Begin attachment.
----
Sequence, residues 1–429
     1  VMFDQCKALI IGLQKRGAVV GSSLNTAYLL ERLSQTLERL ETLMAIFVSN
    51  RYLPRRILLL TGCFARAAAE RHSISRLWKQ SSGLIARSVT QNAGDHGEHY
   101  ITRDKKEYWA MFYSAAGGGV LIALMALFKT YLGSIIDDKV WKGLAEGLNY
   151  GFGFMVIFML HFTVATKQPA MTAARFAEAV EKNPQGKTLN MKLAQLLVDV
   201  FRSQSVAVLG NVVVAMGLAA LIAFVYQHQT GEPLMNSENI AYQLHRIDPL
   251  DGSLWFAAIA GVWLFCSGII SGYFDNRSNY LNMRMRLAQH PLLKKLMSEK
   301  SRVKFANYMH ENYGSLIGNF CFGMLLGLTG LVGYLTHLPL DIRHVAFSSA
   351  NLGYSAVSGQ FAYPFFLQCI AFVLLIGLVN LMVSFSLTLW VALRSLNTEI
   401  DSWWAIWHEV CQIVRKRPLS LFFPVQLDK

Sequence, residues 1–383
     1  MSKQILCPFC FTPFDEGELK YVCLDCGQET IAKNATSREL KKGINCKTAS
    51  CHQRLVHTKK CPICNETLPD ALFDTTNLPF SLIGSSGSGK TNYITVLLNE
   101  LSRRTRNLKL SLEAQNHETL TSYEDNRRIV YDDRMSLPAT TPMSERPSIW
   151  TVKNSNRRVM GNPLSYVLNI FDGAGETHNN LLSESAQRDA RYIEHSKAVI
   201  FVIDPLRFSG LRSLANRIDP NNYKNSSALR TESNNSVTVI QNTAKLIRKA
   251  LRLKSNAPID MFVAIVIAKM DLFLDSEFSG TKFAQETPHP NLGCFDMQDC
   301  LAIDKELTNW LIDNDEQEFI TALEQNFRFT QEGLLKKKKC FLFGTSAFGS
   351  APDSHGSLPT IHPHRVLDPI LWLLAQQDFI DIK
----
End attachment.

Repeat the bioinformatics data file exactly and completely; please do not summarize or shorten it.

Sequence, residues 1–429
     1  VMFDQCKALI IGLQKRGAVV GSSLNTAYLL ERLSQTLERL ETLMAIFVSN
    51  RYLPRRILLL TGCFARAAAE RHSISRLWKQ SSGLIARSVT QNAGDHGEHY
   101  ITRDKKEYWA MFYSAAGGGV LIALMALFKT YLGSIIDDKV WKGLAEGLNY
   151  GFGFMVIFML HFTVATKQPA MTAARFAEAV EKNPQGKTLN MKLAQLLVDV
   201  FRSQSVAVLG NVVVAMGLAA LIAFVYQHQT GEPLMNSENI AYQLHRIDPL
   251  DGSLWFAAIA GVWLFCSGII SGYFDNRSNY LNMRMRLAQH PLLKKLMSEK
   301  SRVKFANYMH ENYGSLIGNF CFGMLLGLTG LVGYLTHLPL DIRHVAFSSA
   351  NLGYSAVSGQ FAYPFFLQCI AFVLLIGLVN LMVSFSLTLW VALRSLNTEI
   401  DSWWAIWHEV CQIVRKRPLS LFFPVQLDK

Sequence, residues 1–383
     1  MSKQILCPFC FTPFDEGELK YVCLDCGQET IAKNATSREL KKGINCKTAS
    51  CHQRLVHTKK CPICNETLPD ALFDTTNLPF SLIGSSGSGK TNYITVLLNE
   101  LSRRTRNLKL SLEAQNHETL TSYEDNRRIV YDDRMSLPAT TPMSERPSIW
   151  TVKNSNRRVM GNPLSYVLNI FDGAGETHNN LLSESAQRDA RYIEHSKAVI
   201  FVIDPLRFSG LRSLANRIDP NNYKNSSALR TESNNSVTVI QNTAKLIRKA
   251  LRLKSNAPID MFVAIVIAKM DLFLDSEFSG TKFAQETPHP NLGCFDMQDC
   301  LAIDKELTNW LIDNDEQEFI TALEQNFRFT QEGLLKKKKC FLFGTSAFGS
   351  APDSHGSLPT IHPHRVLDPI LWLLAQQDFI DIK